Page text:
This week began with encouraging news from across the globe of fresh efforts to reduce plastic waste.
The ranks of cities, states and countries implementing partial or total bans on single-use plastics are growing, with Mumbai being the latest to bring in legislation. A steep fine or jail time is now the consequence for residents who continue to use plastic bags, cups or bottles following Monday’s ban.
The Guardian reports that although India’s plastic use is already commendably low – roughly half of the global average and 10 times less than the amount used by the US – their management of plastic waste is poor. This, combined with reports of potentially corrupt practices when implementing this type of ban, highlights the need for innovative alternatives to eliminate our reliance on single-use plastics.
In the UK, the supermarket chain Morrisons announced plans to re-introduce the classic brown paper bag for their loose fruit and vegetables, replacing their current plastic ones. Although seemingly positive at first glance, and certainly commendable as a demonstration of support for the changing tide of public opinion on plastic use, the move has come under fire from some commentators due to the climate damage caused during the production and disposal of these recyclable paper bags.
The week’s most exciting news comes from Samoa. In attempts to preserve their seas and marine life, as well as halting their rapidly increasing consumption of plastics, the pacific island nation is looking to coconut leaves, hemp, chicken feathers and cassava as possible alternatives to single-use plastics and Styrofoam containers before implementing bans.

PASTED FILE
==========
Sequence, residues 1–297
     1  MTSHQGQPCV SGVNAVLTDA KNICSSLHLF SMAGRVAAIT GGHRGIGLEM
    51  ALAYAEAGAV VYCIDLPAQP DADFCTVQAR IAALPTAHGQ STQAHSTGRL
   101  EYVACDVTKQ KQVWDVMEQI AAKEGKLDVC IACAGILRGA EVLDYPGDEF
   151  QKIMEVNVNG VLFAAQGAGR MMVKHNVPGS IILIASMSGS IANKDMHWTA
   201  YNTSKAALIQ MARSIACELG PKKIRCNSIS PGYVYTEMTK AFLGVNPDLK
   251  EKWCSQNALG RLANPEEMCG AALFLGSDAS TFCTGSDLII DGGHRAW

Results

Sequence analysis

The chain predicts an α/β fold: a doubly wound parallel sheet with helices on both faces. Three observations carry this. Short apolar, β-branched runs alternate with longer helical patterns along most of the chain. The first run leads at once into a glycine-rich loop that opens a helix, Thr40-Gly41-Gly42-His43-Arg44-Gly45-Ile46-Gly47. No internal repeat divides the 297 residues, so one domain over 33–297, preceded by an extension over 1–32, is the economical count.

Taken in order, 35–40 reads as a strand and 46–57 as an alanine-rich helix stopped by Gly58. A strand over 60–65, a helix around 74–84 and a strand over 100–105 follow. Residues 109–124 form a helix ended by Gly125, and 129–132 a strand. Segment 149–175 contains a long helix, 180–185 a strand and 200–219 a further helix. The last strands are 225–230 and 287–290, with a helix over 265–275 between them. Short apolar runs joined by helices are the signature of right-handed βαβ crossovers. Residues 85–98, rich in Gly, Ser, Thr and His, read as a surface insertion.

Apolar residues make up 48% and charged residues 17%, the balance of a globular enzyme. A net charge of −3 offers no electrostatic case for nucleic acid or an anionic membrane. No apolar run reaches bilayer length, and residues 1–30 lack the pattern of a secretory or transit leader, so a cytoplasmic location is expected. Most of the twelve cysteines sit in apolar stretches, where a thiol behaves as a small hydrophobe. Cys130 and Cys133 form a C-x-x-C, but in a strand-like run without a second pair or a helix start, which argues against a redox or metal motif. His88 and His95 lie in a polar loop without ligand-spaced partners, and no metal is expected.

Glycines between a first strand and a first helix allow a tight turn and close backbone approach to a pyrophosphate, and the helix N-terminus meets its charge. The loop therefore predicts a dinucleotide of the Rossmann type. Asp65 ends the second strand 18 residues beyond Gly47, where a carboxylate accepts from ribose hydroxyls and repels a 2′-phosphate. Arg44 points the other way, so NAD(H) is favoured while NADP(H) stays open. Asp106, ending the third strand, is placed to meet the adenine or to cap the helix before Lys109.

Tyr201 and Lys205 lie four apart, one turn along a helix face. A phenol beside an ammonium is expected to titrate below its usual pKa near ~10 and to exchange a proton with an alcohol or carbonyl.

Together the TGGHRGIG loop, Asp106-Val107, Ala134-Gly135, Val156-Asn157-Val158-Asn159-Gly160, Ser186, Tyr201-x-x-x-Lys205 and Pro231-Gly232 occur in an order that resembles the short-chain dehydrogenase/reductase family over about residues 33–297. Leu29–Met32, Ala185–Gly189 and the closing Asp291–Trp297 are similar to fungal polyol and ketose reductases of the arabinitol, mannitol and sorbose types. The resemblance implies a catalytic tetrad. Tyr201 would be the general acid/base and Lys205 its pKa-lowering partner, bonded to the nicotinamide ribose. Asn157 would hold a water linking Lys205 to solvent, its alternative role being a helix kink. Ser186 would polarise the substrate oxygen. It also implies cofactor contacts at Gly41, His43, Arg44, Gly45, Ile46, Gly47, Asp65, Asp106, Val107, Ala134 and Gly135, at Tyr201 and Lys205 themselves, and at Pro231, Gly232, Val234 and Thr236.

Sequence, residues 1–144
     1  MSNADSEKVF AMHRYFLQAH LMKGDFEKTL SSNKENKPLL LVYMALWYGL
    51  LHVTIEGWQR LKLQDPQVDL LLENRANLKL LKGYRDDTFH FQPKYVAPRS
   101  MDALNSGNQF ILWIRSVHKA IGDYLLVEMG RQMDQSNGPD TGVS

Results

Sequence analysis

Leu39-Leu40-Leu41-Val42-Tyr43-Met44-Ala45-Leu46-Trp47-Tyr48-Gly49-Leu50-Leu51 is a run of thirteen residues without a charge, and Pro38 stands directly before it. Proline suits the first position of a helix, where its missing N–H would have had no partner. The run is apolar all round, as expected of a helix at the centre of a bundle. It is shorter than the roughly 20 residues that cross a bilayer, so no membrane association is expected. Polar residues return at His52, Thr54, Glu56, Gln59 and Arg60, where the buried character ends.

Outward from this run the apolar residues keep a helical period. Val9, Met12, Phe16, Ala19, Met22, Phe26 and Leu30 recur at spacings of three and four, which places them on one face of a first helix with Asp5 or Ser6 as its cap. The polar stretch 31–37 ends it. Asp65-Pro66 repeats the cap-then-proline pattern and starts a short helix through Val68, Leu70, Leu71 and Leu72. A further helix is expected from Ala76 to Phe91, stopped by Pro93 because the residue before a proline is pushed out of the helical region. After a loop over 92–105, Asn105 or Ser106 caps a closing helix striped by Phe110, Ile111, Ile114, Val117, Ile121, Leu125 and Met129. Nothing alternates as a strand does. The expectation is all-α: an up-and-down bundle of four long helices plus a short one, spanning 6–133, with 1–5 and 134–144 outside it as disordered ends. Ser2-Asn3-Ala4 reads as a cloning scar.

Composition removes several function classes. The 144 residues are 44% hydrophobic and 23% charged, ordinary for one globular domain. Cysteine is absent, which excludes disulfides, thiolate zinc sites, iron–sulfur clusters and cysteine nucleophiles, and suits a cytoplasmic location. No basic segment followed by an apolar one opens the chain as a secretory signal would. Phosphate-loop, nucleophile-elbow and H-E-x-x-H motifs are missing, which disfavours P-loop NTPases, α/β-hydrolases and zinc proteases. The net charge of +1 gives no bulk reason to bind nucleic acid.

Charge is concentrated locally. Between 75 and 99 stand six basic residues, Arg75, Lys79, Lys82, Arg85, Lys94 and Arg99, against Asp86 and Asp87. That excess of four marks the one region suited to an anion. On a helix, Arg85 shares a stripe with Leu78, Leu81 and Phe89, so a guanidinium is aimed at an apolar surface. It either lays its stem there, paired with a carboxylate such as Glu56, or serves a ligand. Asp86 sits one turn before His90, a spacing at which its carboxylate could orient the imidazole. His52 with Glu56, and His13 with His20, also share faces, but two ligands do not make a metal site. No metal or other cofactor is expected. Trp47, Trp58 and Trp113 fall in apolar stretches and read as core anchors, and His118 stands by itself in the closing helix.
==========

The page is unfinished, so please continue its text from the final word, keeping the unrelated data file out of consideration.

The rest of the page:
Clearly the market for thoughtful innovation is expanding, but whilst alternative resources are sometimes scarce or promising research is limited, simple solutions exist that can be adopted globally.
Iceland, another British supermarket chain, is among one of several large European businesses to introduce the “trust mark” to their food packaging. The label guarantees the absence of any hidden plastics, allowing shoppers to immediately make more environmentally friendly choices.
This is not the usual extreme, futuristic initiative that many people imagine when contemplating innovative plastic use reduction strategies but could produce a dramatic reduction in our consumption of plastic-containing products precisely thanks to its simplicity. Cheap, basic and easily implemented global efforts such as this, in combination with tailored, local solutions similar to those being pursued in Samoa, could fundamentally alter our often blind dependence on plastics and ultimately revolutionize our relationship with this material.